The Sunday Times Magazine: Girls Uninterrupted



I’ve never been to a lesbian orgy before, so I wasn’t sure what to wear. My dungarees were in the wash and I’d just waxed my legs. Lucky, then, that Skirt Club, “an underground community for girls who play with girls”, is above such sapphic clichés. Instead it promised a night that would be “dark and decadent”, referencing 1920s Berlin.

“I’m going to a lezzer orgy!” I texted my friends. A few hours later I was surrounded by women in Coco de Mer knickers, feather capes, designer leather dresses and sheer kimonos — a scene worthy of Eyes Wide Shut unfolding in Notting Hill. Women licked tequila shots from each other’s taut torsos. They kissed in groups of two, three and four, then disappeared behind Chinese screens into candlelit rooms laid with sheepskin rugs, so you could only see their entwined silhouettes.

Skirt Club fills a new niche for young, single, financially independent and curious women at a time when female sexuality is changing. Increasingly, high-profile women aren’t “coming out”, as Ellen DeGeneres once did (in 1997, on the cover of Time magazine), but taking a more relaxed approach to defining their sexuality.











The supermodel of the moment Cara Delevingne, currently dating the singer Annie Clark, says she believes in “gender fluidity”, coyly tweeting that she “plays for more than one team”. The actress Evan Rachel Wood — once married to the actor Jamie Bell — says she has fallen in love with men and women. “I don’t know how you label that, it’s just how it is.” And the actress Kristen Stewart, once engaged to Robert Pattinson but who then dated her female PA, Alicia Cargil, doesn’t feel the need for labels: “In three or four years, there are going to be a lot more people who don’t think it’s necessary to figure out if you’re gay or straight. It’s, like, just do your thing.” Last year, even yours truly — having always been into boys — started dating a woman. I didn’t feel the need to call myself a lesbian. It was what it was. Now I’m back to dating a boy.

There is an emerging group of women like me resisting boring labels. Not calling ourselves gay, bisexual or straight, but feeling more sexually fluid. We’re on a spectrum where terms such as pansexual, polysexual and hetero-flexible come closer to what we do in bed. In a YouGov survey this year, almost half of British people aged 18-24 said they did not consider themselves exclusively straight or gay, and in the past decade there has been a fourfold increase in the number of sexual encounters women are having with other women.

Why is this happening? Why now? Some might wonder if it is down to the influence of technology — apps such as Scissr (Grindr for gay girls), Her and Tinder making sexual experimentation easier — opening up the pool of people you can meet and allowing you to do this privately from the palm of your hand. Perhaps it reflects more liberal attitudes? Or a fad? Perhaps it relates to feminism going mainstream and encouraging women to be less shy about getting what they want. Perhaps it’s girls giving up on pornified men. I hitched up my stockings and went to Skirt Club to find out.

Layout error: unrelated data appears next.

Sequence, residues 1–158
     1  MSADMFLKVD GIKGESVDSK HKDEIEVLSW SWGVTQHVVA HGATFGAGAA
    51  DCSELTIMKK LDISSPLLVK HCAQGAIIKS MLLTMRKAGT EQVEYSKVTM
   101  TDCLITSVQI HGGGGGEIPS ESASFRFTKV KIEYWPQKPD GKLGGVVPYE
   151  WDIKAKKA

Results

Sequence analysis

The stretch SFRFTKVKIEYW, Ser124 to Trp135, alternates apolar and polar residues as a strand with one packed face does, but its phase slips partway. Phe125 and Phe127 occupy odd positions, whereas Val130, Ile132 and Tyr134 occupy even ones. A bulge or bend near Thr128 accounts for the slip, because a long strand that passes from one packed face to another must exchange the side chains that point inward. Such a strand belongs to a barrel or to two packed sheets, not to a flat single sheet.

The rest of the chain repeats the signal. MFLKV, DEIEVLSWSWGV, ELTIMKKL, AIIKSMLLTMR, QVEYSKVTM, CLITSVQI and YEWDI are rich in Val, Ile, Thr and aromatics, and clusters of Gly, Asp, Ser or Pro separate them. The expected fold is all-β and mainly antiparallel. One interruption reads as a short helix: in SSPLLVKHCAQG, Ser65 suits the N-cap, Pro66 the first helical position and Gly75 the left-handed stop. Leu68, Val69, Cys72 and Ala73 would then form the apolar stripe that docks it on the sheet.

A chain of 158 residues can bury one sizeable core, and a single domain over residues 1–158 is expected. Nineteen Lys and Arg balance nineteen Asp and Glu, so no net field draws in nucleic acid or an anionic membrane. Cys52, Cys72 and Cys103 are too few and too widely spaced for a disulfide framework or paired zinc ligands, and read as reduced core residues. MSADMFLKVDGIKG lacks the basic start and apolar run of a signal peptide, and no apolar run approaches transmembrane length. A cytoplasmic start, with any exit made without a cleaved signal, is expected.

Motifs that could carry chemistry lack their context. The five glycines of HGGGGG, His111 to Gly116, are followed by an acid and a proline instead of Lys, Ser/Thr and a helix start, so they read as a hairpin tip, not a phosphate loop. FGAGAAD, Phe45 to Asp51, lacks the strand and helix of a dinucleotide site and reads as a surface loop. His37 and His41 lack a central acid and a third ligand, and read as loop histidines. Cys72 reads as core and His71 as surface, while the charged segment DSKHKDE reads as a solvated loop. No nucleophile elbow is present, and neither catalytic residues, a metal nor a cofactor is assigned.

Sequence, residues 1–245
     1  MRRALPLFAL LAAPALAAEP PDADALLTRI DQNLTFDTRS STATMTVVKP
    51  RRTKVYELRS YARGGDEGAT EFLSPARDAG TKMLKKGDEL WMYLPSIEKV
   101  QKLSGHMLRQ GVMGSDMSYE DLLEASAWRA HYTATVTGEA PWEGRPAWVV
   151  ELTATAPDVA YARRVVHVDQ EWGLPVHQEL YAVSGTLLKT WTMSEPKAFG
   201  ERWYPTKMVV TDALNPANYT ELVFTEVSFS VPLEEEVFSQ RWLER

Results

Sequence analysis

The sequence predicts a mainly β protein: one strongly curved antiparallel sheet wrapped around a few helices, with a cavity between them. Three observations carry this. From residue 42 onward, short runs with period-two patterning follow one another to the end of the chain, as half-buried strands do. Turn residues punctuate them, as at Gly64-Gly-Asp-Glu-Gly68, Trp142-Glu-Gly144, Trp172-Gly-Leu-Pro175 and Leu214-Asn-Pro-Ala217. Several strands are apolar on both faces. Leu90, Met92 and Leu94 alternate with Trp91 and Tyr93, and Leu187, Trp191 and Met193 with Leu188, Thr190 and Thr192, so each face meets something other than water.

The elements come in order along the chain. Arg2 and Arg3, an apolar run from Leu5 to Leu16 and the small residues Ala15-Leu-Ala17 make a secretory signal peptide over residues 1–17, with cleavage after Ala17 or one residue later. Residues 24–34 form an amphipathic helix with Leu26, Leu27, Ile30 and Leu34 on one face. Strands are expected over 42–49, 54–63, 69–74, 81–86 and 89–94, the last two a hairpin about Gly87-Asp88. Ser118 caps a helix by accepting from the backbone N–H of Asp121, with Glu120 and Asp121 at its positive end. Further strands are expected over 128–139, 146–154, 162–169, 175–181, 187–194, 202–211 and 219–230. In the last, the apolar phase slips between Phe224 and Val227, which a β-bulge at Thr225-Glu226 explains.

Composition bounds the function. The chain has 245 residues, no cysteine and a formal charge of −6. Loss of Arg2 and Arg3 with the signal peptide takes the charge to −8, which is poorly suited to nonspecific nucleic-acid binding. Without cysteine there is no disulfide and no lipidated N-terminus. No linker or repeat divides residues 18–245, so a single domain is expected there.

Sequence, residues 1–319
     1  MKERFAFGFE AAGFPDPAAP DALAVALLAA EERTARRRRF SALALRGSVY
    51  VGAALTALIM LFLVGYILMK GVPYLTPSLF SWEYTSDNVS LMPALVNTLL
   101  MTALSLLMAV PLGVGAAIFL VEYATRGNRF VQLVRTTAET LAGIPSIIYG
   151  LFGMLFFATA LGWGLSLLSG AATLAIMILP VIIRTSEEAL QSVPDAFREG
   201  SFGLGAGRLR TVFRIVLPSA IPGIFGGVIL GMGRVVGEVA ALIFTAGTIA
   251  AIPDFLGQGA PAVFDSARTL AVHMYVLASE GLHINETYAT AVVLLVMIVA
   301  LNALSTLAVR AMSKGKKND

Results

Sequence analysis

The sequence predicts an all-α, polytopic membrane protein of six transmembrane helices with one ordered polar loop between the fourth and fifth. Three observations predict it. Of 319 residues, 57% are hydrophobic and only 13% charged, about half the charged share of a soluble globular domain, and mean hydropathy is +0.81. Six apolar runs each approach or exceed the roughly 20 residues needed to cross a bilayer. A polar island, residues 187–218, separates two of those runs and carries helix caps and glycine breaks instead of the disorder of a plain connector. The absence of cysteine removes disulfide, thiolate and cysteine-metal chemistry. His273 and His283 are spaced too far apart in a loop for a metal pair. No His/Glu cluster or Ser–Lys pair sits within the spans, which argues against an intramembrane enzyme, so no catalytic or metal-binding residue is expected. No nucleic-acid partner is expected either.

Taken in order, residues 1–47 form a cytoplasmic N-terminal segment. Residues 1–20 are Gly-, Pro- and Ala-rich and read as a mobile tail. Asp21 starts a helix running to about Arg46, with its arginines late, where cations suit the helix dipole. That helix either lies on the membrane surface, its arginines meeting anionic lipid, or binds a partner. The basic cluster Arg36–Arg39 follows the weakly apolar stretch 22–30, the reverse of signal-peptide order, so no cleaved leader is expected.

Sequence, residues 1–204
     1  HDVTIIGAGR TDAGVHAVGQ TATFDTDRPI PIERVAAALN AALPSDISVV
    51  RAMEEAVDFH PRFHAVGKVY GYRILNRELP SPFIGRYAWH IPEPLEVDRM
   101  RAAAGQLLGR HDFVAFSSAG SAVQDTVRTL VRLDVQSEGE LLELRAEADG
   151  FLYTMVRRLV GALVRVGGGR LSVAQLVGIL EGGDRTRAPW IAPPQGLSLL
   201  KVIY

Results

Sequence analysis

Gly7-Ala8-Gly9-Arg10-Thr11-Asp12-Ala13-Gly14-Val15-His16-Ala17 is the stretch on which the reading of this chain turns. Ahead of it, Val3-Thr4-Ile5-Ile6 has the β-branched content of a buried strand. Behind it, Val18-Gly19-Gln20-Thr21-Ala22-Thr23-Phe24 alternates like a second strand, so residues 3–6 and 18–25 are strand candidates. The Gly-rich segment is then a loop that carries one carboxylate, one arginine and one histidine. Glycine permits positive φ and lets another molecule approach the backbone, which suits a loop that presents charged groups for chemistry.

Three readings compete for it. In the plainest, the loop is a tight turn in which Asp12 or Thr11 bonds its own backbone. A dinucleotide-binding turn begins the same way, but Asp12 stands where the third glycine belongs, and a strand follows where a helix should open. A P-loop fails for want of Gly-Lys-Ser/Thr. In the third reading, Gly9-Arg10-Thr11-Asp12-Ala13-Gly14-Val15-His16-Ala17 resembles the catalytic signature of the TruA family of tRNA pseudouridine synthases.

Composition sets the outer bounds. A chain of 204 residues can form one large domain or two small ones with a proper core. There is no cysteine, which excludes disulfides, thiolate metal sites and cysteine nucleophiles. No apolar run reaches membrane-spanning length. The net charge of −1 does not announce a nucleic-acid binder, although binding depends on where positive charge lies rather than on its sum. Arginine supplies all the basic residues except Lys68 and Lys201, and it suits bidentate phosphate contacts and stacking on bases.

Skirt Club would not call itself a lesbian orgy. It is far more discerning. Members, “intellectually minded” professionals aged 18-39, apply to a “strict committee”, enclosing photographs. “We’ve had men try to come,” the founder, Geneviève LeJeune, says, “but they’re banned.” LeJeune suggests there is “a trend for women calling out for what we want sexually”. She notes that most of her members identify as straight. “It’s not a club for lesbians but for bi-curious, bisexual and heterosexual women to explore. It doesn’t mean they’re gay. Skirt Club is a place they can have a one-off wild night.”

You have to get there, of course. Even if you take a taxi from your house straight to Skirt Club, you need to get from your front door to the car dressed in hooker heels and fishnets, without bumping into the neighbours while they’re putting out the bins. Then, once the cab drops you off, you’re left wandering the streets looking for a “secret door”, too embarrassed to ask anyone for directions.

The location is classy for an orgy, not the usual sleazy swingers setting — in the suburbs or at someone’s idea of a posh hotel — but a five-storey townhouse in Notting Hill. I watch as a slim Chinese girl in patent black heels buzzes her way through a door, and follow her in. A pretty brunette hostess, wearing a black silk corset, suspenders and peacock-feather collar, is waiting. She fastens an antique key on a black ribbon around my wrist, so other members would know I was a “Skirt Club virgin”.

The bar is a makeshift in someone’s kitchen. In fact, the whole house is pretty homely, with sofas, bookshelves and Ikea art. This is always the problem with orgies. You picture a scene in the catacombs of Notre-Dame and end up in a bungalow in Rottingdean (you can count on the English to suburbanise even group sex).


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